As enumerated in our first blog of 2014, posted on January 6th, most of our predictions for health care changes in 2013 became reality. Even one of the most provocative blogs entitled, “I Have a Dream: Acute Hospitals Are No Longer Necessary”, seems to have increasing credibility with numerous healthcare leaders. One such person is Dr. Robert Pearl who published a recent article in Forbes Magazine entitled, “Hospitals May Be Disappearing in the Era of Health Care Reform.”
So, based on our track record, the Royer-Maddox-Herron partners will make the following predictions for 2014, many of which will be expanded upon in upcoming blogs:
1. Rapid changes will continue to occur in all components of the healthcare arena regardless of the degree of success of the Accountable Care Act/Obamacare. Most everyone agrees the healthcare product must become safer, guarantee a more consistent and predictable higher quality, be more accessible, and be affordable to all.
2. Growth of the revenue line will become almost impossible. The slim revenue growth that may occur will only be in hospitals or health systems in organically growing markets, where the quality is so high that they can steal market share, or where a new service line can be added that people will want to buy.
3. Integration will continue, both with hospitals and physicians. At present there are about 4900 hospitals. Just 25 years ago there were over 7000 hospitals. People are realizing that hospitals that provide easy access, but with little volume, might be contributing to poorer quality of care. And hospitals and physicians realize that if high quality and lower cost care is to occur, they must work more collaboratively together as partners. Various physician integration models are being designed and implemented in the U.S.
4. Inpatient volumes will continue to decline. Technology and evidenced-based medical protocols will continue to permit more of the care of patients to be rendered in out-patient settings, including clinics, ambulatory surgery centers, hospice, palliative care, and hospitals-at-home. Telemedicine will grow and contribute to this expansion, and the continued pressure to reduce hospital readmissions, decrease unnecessary procedures and tests, and implement successful care management programs will further add, in a positive way, to the declining number of patients requiring hospitalization.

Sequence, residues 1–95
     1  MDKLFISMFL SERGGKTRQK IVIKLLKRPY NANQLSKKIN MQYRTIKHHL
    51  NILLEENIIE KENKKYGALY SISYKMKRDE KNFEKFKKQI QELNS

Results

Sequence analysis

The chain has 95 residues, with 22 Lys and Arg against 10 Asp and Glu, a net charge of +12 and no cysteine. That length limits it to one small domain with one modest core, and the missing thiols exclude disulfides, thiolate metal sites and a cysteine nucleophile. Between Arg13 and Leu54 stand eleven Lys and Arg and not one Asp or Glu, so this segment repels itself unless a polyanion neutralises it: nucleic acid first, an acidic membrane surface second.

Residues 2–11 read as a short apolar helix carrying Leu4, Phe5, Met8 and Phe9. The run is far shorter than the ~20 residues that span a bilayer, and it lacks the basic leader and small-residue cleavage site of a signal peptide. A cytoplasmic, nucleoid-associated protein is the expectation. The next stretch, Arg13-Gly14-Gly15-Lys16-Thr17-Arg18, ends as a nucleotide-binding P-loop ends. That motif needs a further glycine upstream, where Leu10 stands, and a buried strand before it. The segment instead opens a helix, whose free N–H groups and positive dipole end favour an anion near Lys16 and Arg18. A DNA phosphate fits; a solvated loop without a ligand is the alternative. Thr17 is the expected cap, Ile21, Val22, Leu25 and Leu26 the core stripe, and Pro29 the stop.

5. Primary care access will continue to be a problem. The ongoing lack of primary care physicians will result in the continued inappropriate use of Emergency Departments, where volumes will continue to rise between 5% and 10%. This will also: (6.)propel the growth and use of mid-level providers; and (7.)the growth of free standing urgent and convenient care centers. In addition, this will foster (8.) an increase in the services provided by the “new rebar” expanders of healthcare services they provide……Walmart, Target, Walgreens, and CVS….to name a few.
9. Supply and labor costs will need to be reduced even further….less than 60% of expenses. We have been recommending to our clients that they must strive to make money using the Medicare payment schedules, since we believe this will be the level of payment for all payers in the future. To accomplish this, we will see an increase use of (10.) Lean (to enhance speed and decrease waste) and Six Sigma (to increase accuracy and predictability).
11. The call for more transparency of outcome data will increase. And if providers do not come forth, the insurance companies and the government will continue to fill the void and make value/purchasing decisions based on data they have, valid or not.
12. Innovative programs to foster health and wellness, population management, and the increased use of complementary medical protocols for certain diseases will increase and gain national attention. The movement to health management rather than disease management as the primary role of health care providers is gaining traction and will result in some significant changes and further reduce volumes particularly, in inpatient settings!
13. New and enhanced leadership competencies will continue to evolve. Health Management Masters Programs for both future physician executives and Administrators will continue to be accredited on demonstrated competencies that their students develop. Boards will be struggling to hire the right CEOS or invent the present leadership teams to develop the new competencies required to be successful in this rapidly changing environment. As a result of this pressure, the high turnover of CEOs experienced in 2013 will continue.
14. Because of the level of uncertainty that still exits, Boards and Leadership Teams will allocate significant time to strategic planning and future thinking. There is no better time to focus on the future when you are significantly challenged by the present!
These are some of our thoughts for 2014. We would love to hear your reactions , which can be sent to us through our “Contact Section” of our Web Page atv RoyerHerronMaddoxAdvisors.com. And hopefully, as you continue to reflect on our blogs, these predictions will make even more sense as this year’s journey in healthcare continues. And of course, we will pause in January of next year to ask the all important question, “Did what we predict, become reality?”